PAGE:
ComQi goes Shazam, but is it magical?
November 10, 2011 by Dave Haynes
I haven’t seen a release, but did see a DailyDOOH post up yesterday, as well as tweets from the vendor, trumpeting a deal between ComQi and Shazam – a mobile app that recognizes and identifies music files.
Shazam has a BIG user base among iOS and Android handset users who fire up the app when they hear a tune they like, but don’t know the musician. The app leads to revenue for the music companies through prompts to download that tune or album.
Shazam has, in recent months, entered the interactive TV market, suggesting people at home watching TV could fire the app up on their phones or tablets and listen for audio tags. What is on the TV screen can pop, as well, on a handheld screen when the app syncs up.
[youtube id=”QoUK9bq-XRU” width=”600″ height=”350″]
The premise here is that this sort of interactivity works in digital signage and digital out of home. A ComQi video suggests this represents a “revolution in digital signage.”
Well … let’s just see.
Shazam has some interesting potential around the house. My 21-year-old daughter rarely has her smartphone out of her hands, and I could see her firing up Shazam to tag something she saw on TV. As a hook to sync people’s smart devices to content, audio can be pretty effective in starting a two-way experience.
But outside the home, how do you deal with all the ambient sound, and the simple reality that many (most) networks don’t use audio? Shazam’s ability to capture a specific audio clip, when there is audio, is tough.
Then there’s the dynamics thing. These audio tags run into the same issue as QR codes in TV spots. There is an assumption/hope that people have better reaction times than gunfighters and can whip out a handset and fire up an app in the 10-15 second span of a typical digital signage/digital OOH ad spot or marketing message.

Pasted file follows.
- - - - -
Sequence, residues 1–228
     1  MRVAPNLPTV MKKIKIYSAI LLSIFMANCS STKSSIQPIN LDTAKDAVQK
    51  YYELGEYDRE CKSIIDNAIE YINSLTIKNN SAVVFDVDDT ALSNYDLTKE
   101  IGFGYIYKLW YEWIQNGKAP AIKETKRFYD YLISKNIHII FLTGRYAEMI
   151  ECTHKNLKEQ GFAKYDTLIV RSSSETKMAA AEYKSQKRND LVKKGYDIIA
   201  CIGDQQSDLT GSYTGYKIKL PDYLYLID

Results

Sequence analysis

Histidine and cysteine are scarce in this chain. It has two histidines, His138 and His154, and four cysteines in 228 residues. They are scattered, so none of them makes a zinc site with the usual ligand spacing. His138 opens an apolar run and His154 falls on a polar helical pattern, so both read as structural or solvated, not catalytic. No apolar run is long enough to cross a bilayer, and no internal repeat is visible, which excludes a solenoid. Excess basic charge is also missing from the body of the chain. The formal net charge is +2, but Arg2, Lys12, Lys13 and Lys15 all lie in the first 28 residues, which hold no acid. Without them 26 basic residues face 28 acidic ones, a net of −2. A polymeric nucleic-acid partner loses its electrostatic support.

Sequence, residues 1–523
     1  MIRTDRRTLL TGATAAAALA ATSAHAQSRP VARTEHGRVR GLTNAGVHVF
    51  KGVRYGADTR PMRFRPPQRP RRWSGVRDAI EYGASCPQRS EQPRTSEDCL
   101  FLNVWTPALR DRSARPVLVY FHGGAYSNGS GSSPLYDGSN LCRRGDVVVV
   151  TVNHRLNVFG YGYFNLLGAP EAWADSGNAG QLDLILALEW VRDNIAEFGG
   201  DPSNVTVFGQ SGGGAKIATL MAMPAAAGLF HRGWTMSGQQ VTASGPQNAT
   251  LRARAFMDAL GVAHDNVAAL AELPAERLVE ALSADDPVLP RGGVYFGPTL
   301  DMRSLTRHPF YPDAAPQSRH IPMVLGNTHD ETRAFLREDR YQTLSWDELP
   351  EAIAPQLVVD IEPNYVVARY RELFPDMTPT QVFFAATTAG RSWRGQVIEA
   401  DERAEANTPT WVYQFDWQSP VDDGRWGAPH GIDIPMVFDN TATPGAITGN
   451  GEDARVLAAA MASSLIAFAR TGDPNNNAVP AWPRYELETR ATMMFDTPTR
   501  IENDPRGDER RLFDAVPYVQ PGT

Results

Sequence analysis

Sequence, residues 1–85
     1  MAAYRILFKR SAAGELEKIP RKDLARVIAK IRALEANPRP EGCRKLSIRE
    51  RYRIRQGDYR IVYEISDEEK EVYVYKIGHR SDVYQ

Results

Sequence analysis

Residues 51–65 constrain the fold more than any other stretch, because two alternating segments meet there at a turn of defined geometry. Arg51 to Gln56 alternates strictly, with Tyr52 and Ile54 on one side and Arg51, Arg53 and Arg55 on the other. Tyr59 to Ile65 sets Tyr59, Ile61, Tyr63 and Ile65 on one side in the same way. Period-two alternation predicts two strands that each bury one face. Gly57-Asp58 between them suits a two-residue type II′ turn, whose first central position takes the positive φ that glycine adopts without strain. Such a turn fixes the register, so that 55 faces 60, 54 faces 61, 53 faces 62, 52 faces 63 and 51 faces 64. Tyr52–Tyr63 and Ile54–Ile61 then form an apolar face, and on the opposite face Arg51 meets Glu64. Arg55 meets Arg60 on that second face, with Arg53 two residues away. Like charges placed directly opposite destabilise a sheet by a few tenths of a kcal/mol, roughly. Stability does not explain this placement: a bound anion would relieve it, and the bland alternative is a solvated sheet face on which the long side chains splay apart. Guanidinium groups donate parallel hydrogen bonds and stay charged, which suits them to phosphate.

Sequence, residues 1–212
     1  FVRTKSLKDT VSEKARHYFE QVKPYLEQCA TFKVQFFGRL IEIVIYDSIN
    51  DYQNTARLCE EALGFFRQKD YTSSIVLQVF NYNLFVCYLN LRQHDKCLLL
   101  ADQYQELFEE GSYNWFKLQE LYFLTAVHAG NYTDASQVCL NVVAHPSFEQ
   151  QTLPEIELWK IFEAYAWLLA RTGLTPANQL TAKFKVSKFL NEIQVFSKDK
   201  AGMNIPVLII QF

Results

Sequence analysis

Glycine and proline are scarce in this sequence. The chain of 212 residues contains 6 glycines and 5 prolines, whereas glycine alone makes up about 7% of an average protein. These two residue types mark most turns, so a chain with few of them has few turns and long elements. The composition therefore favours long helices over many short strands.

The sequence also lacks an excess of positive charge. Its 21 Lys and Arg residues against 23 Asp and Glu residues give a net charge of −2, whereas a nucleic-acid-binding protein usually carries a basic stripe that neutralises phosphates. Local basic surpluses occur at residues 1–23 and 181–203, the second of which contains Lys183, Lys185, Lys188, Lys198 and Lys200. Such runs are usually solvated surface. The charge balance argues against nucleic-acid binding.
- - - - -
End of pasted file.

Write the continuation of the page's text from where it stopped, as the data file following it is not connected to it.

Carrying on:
The other thing about this is what’s going on. The video suggests if you tie the big screen and little screen together, you get extended information on the product. It’s not interactive.
I have seen a couple of things lately that seem far more compelling for this medium. The ScreenReach guys, when I was in New York recently, showed me technology that takes into account location, content, and the context in which you are consuming that content.
Trying to explain what was going on is tough based on my 10-15 minutes of seeing it (plus I am stupid), but essentially markers in the big screen content were activating things like factoids, prompts and offers on a handset screen. So you were engaging with the screen.
I have also seen demos of stuff that was using handsets to basically be controllers for what’s on the screen.
So, ComQi should be applauded for pushing the envelope and trying new things. But I am not sure how the ComQi-Shazam thing will result in effective, real world applications. Certainly, calling this revolutionary is a reach.
Makes for good trade show announcement PR, though.
Trade show fluff in its highest form. Marginal attempt by Shazam to monetize, but it is probably less effective than a QR code, as you noted. The Comqi app adds zero value, as there is no apparent integration. The mobile app can’t be branded. Zzzzzzz
Their hiring announcement was actually more newsworthy, and that should tell you how empty this release was.